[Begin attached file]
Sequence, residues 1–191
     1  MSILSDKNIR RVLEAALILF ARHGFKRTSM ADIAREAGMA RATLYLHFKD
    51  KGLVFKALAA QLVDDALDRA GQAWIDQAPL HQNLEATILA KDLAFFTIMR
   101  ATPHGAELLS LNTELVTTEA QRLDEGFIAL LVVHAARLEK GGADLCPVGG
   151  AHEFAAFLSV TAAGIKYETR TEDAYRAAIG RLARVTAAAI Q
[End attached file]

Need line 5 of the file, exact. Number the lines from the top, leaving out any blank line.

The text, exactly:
   151  AHEFAAFLSV TAAGIKYETR TEDAYRAAIG RLARVTAAAI Q